1. Where the Inspector’s decision is appealed the Tribunal is not limited to reviewing the genuineness and/or reasonableness of the Inspector’s opinions. It is required to form its own view paying due weight to the Inspector’s expertise. The test is not the judicial review test as to whether the decision was reasonable. The Tribunal should focus on the point at which the notice was served rather than look at the situation with the benefit of hindsight. Their task is to decide what they would had done at that point in time.
2. The Tribunal may either cancel or affirm the Notice. If it affirms the Notice it may do so either in its original form or with such modifications as the Tribunal may, in the circumstances, think fit.1 In essence any technical difficulty with the Notice should lead to an amendment so that the Notice can be supported.
3. Where the Notice has been suspended until after the appeal is determined, the date for completion may have passed by that time. If it is then not possible for work to be completed in time the Tribunal will consider modifying the date and the inspector will need to inform the Tribunal of his opinion in relation to the risk.
4. The Tribunal shall consider whether to make a costs order where a party (or that party’s representative) has acted ‘vexatiously, abusively, disruptively or otherwise unreasonably in the bringing of the proceedings (or part) or in the way the proceedings (or part) have been conducted or if any claim or response had no reasonable prospect of success’. Before costs are considered one of these alternative grounds must be proved.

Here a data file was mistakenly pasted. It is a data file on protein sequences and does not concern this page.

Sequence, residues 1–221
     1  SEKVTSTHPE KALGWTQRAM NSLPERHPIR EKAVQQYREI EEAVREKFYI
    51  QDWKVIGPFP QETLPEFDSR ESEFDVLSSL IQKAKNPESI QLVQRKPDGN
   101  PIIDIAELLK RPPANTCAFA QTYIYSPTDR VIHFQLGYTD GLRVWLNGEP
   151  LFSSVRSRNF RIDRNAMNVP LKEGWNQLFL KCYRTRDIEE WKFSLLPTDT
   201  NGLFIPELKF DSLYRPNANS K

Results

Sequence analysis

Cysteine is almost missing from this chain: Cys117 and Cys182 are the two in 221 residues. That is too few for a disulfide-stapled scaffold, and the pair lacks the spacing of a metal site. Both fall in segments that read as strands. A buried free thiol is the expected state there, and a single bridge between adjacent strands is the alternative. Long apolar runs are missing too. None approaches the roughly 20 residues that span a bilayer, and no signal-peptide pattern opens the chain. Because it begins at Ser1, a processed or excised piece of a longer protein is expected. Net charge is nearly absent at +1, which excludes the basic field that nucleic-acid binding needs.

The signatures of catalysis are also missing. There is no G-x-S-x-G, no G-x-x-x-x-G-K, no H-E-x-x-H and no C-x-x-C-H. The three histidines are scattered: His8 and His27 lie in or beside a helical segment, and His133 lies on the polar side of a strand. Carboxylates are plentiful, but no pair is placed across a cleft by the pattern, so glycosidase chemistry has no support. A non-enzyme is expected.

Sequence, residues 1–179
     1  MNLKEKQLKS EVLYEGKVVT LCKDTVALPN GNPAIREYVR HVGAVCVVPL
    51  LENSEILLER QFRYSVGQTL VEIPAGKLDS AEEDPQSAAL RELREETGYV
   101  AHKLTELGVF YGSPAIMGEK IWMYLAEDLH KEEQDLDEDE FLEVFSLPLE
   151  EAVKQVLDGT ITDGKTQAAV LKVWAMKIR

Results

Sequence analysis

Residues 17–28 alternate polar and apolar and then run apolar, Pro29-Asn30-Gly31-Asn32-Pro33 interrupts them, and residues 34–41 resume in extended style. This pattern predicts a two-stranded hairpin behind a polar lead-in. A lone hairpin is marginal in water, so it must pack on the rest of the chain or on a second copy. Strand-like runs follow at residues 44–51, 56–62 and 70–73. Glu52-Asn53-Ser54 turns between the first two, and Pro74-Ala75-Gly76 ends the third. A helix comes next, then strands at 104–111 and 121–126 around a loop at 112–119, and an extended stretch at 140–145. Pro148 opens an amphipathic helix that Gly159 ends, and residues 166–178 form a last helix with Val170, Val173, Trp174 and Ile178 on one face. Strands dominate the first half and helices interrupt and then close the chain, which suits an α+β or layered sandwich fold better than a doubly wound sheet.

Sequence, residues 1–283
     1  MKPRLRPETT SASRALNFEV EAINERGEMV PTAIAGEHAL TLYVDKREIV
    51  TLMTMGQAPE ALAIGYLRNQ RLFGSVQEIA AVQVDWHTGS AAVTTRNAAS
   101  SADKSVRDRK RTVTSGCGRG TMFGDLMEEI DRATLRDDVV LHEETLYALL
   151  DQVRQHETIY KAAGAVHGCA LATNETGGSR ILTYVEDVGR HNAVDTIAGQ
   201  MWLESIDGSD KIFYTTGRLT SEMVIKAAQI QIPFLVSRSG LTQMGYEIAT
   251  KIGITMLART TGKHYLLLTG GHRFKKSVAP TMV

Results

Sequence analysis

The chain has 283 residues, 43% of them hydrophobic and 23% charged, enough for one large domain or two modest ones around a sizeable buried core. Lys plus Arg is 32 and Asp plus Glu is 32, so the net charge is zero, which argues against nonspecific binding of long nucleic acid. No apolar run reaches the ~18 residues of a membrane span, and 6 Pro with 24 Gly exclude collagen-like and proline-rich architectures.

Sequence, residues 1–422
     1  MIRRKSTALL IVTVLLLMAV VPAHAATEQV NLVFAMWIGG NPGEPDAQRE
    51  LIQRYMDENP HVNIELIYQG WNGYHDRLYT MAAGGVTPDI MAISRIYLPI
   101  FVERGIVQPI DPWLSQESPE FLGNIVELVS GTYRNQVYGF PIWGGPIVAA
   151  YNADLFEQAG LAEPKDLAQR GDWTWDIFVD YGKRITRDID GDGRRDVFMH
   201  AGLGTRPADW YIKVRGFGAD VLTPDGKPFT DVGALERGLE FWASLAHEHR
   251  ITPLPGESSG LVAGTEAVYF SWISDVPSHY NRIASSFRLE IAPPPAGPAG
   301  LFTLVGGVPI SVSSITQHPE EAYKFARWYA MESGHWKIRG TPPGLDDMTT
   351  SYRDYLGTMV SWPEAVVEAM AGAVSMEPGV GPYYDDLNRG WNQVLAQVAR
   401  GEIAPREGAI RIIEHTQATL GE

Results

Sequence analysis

5. Each of these alternatives has developed its own case law and your lawyer will advise whether a ground for applying for costs exists. In practice the most likely ground for the Tribunal to consider making a costs order is if it can be proved there were no reasonable prospects of success. However it is not going to be straightforward to establish that bringing or continuing with a notice appeal had no prospect of success.
6. If costs are ordered the Tribunal now has power to order an amount not exceeding £20,000. Where a Tribunal deems costs in excess of £20,000 are appropriate, it can either refer the matter to the relevant civil courts for resolution, or where it deems itself competent, make the assessment of costs applying the same principles that would be applied in the civil court.
7. There is now a time limit to meet when an application for costs is made. A party may apply for costs at any stage up to 28 days after the judgment date. If judgment is given at the end of the hearing then that date will be the trigger unless written reasons are requested. If the judgment is reserved and then sent by post to the parties then the trigger date will be the date the judgment and reasons was sent to the parties.